First thing’s first: Most buyers consider how their own belongings will fit in your home as they walk through, and getting some of your things out of the way can aid in that visualization. If you think your belongings are outdated or detract from the overall appeal of the home, you can even consider hiring a stager who will know exactly how to make your home look its absolute best. A well-staged home can sell more quickly.

💡 Recommended: 12 Home Staging Tips for Homeowners Trying to Sell

6. Create curb appeal

Thinking about what people see when they first arrive at your house is a smart move when it comes to selling your home quickly. The front lawn, the door, or even a driveway can influence a buyer’s overall impressions. Consider driving past your home and looking at it from a buyer’s perspective to see where your eyes land first. Whatever catches your eye is probably worth investing some time and money into. Also, mowing the lawn and power washing the front of your home can help make it look more inviting.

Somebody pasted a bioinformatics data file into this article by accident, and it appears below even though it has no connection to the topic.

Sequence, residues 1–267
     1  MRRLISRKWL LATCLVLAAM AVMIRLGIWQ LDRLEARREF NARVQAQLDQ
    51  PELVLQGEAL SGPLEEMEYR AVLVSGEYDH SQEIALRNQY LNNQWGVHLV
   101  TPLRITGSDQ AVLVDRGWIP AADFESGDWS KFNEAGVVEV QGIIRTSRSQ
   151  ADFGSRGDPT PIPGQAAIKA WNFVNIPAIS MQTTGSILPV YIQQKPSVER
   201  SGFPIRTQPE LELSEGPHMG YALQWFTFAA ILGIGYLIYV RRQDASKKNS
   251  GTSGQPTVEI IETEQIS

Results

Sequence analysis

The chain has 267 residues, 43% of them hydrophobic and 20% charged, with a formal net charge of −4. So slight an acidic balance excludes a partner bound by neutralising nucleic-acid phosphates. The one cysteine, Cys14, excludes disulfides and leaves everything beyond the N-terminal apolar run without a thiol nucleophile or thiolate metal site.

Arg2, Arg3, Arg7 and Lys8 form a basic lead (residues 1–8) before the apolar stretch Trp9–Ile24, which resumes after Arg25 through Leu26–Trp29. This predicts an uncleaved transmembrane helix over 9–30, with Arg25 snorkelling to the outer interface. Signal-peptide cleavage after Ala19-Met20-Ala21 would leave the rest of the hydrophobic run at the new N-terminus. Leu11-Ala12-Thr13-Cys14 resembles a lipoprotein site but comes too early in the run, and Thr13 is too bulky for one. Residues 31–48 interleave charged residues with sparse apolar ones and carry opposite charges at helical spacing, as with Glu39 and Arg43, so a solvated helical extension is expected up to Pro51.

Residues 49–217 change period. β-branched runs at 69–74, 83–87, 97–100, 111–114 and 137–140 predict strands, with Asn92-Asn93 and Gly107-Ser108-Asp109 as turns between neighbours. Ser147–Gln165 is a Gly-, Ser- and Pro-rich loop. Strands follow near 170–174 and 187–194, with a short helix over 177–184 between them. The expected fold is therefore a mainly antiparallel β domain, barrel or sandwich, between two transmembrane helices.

💡 Recommended: 5 Curb Appeal Ideas for Your House

7. Hire a professional photographer

Pictures, virtual walk-throughs and social media are huge in real estate these days. And professional photographers make it all much more appealing. If you have stunning professional photographs to show prospective buyers, you’re likely to be more competitive when it comes to getting those buyers into your house.

8. Write a great listing description

A listing price and photographs are helpful, but you also need a listing description. Realtors are often great at this, but if you need to do it on your own, you may want to start by considering your home’s best features. Also it’s smart to consider keywords that might help your home rank higher. Since you’re trying to sell a house fast, it’s perfectly fine to convey that in the listing. It might also attract buyers who want to buy quickly.

Where to post your listing